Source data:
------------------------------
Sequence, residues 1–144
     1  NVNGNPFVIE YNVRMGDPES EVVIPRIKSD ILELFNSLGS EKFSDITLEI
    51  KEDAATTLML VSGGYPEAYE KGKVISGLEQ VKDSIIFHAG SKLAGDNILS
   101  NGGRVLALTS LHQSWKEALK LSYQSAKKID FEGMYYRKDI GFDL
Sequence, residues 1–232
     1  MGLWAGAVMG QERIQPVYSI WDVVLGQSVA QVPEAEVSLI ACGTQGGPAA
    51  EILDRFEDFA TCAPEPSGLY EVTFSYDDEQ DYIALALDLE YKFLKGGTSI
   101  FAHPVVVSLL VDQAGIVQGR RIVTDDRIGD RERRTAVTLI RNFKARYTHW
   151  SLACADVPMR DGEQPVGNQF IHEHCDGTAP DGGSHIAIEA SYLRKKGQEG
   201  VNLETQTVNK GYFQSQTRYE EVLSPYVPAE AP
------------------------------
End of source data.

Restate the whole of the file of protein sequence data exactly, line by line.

Sequence, residues 1–144
     1  NVNGNPFVIE YNVRMGDPES EVVIPRIKSD ILELFNSLGS EKFSDITLEI
    51  KEDAATTLML VSGGYPEAYE KGKVISGLEQ VKDSIIFHAG SKLAGDNILS
   101  NGGRVLALTS LHQSWKEALK LSYQSAKKID FEGMYYRKDI GFDL
Sequence, residues 1–232
     1  MGLWAGAVMG QERIQPVYSI WDVVLGQSVA QVPEAEVSLI ACGTQGGPAA
    51  EILDRFEDFA TCAPEPSGLY EVTFSYDDEQ DYIALALDLE YKFLKGGTSI
   101  FAHPVVVSLL VDQAGIVQGR RIVTDDRIGD RERRTAVTLI RNFKARYTHW
   151  SLACADVPMR DGEQPVGNQF IHEHCDGTAP DGGSHIAIEA SYLRKKGQEG
   201  VNLETQTVNK GYFQSQTRYE EVLSPYVPAE AP